Wednesday, August 4, 2010
The good thing about Mexico is...........
you see things you most likely wouldn't see in the US. The bad thing about Mexico is.......you see things you most likely wouldn't see in the US.
Good: Adults lovingly caring for their elderly parents, mother and daughters unabashedly walking arm-in-arm, siblings genuinely and attentively caring for their younger siblings when crossing the street and protecting them from the rain.
Daughter cares for incapacitate 102-year-old father with chronic bed/decubitus ulcers.
Bad: Dogs uncared for with obvious disease lying around the streets. Children and adults with serious physical disabilities begging on the street.
Good: The most beautiful flowers, well-cared for lush gardens everywhere and many different types of butterflies. Fresh wholesome vegetables easily accessible and always available (mas economico tambíen).
Bad: Children with serious health problems and lack of resources to address them.
I suspect this child is moderately mentally delayed. We care for his brother, burned by boiling water, and this child greets us with the purest of hugs.
This 10-year-old was hit by a car, his leg broken and surgically repaired with metal prosthesis. He was left with large open wounds which Sergio does basic daily wound care. The child is still unable to walk and DOES NOT complain in any way.
All-in-all, I love this place. Just like the US in that we have our 'good' and 'bad' as well.
San Cristóbal de Las Casas is the most charming colonial city Bruce and I had the pleasure of visiting two years ago. It is 7500 ft above sea level, the soil is so rich that everything grows and many visitors (Mexican and foreigners) comment on the various shades of green, the wild flowers and the richness of this area. When returning to Mexico I am in awe of the food as I find beautiful vegetable markets just about everywhere.
This charm offsets the sorrow of many lives here in Chiapas. One learns to detach themselves from the horrific injuries and circumstances that present daily. Although sometimes I have no control over detachment and a pang of sadness overwhelms me momentarily, I am here to help because I want to and if I let the sadness take over, I wouldn't get anything done. I'm not sure how Sergio handles this day-in, day-out.... just a way of life I guess.
Added to our usual patient rounds was a mother with an infant seeking help. This three-month-old Tzotzil infant girl had a unilateral cleft palate and unable to suck properly to consume her mother's milk. The mother took the infant to the local doctor and was told that nothing could be done until the child was two years old. In modern medicine, this is not true. How is the baby to get any food down? Conventional wisdom recommends that these malformations are repaired within the first year of life. Luckily, Sergio's goddaughter Ana, was with us today and explained to the mother that there is a group of surgeons that come annually to do these types of repairs and they are scheduled to be here in September. We'll do all we can to connect the infant's family with this group.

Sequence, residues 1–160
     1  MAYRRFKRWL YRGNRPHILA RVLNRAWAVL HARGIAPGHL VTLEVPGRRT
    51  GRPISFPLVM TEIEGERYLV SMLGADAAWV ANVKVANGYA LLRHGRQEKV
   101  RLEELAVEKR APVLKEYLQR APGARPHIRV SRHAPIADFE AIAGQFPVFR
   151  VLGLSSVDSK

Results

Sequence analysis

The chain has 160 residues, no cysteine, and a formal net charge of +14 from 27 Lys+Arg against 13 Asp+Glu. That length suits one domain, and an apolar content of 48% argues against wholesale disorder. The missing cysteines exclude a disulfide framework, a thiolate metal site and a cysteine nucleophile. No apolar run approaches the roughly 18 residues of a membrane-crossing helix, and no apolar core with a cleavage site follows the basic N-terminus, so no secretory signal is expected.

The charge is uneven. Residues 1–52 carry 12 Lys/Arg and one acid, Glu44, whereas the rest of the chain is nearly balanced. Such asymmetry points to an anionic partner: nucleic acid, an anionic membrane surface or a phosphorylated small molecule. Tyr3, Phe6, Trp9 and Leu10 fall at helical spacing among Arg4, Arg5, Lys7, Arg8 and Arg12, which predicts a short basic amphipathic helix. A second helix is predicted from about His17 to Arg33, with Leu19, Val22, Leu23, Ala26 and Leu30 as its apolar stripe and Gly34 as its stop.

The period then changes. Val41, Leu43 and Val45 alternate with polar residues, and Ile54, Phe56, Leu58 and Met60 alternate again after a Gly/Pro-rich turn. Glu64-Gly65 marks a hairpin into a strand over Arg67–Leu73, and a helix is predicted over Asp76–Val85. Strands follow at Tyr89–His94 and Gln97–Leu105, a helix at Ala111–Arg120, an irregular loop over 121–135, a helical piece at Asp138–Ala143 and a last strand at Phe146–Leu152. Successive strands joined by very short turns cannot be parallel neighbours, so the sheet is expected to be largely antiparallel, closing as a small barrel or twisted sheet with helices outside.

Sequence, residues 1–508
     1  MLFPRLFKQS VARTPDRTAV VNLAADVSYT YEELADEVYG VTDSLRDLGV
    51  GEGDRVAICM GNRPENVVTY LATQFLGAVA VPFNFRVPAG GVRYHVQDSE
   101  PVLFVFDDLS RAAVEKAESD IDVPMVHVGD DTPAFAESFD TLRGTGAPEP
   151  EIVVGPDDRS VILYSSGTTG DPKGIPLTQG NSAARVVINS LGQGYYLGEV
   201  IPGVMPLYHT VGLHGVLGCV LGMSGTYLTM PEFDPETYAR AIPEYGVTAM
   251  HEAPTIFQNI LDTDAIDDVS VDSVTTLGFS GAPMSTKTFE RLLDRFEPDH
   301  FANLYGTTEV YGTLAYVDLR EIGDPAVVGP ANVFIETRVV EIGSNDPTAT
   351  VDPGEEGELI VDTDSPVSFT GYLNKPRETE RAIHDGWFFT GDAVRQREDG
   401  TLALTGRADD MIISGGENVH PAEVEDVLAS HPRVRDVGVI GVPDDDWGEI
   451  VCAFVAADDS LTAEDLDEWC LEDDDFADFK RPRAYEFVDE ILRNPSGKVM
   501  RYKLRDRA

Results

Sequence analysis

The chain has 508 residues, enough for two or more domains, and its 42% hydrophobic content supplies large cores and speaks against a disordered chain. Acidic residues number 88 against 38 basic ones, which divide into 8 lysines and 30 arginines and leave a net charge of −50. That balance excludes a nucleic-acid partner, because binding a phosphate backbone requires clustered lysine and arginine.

This three-month-old child will fail to thrive as she is unable to suck food from her mother's breast (or bottle). She will need to be fed drop by drop.
Other tragedies include one gentleman that comes to the museo every other day for wound care for his mangled foot from an auto accident years ago. He has a chronic ulcer, uses home-made crutches and he can not work. Another woman shows up at the museo obviously ill as she was pale, bloated and appeared very fatigued. She has one functioning kidney, her face is swollen, her lungs sound congested with fluid, and she has more heart sounds than normal. Her physician told her she needs to get additional studies before he could recommend treatment. She has no money for the tests.
As for "Things you'll most likely never see in the US" is a 30-something Tzotzil man with a parasitic infection of the left foot. This condition has been brewing for 10+ years. A visit to a doctor a few years back included the recommendation of amputation.... which he rightfully avoided. Last year I saw this same man and explained to Sergio he needed a tissue biopsy to identify the culprit of this fungating, malodorous, overgrown foot. The patient has no money nor means or desire to see a doctor. Hence, Sergio does basic/chronic wound care. Upon my return this year, I see the man and his foot is a little bigger and a little worse. Again I explain my concern about a parasite - Sergio continues his wound care. Two days ago I change the bandage and out from this fungating foot came several 1/4-inch tiny worms! Still, what do we do? What is this parasite? Which lab can we send it for proper analysis? There more than likely is a medicine to treat it but where do we get it? Who will pay for all this?
Some days it seems there's a hole that can't be filled. We do what we can with what we have and hope and pray for the best. As Sergio says, "Poco a poco," (little by little) we get things done.
This and all previous posting are from Patricia Ferrer.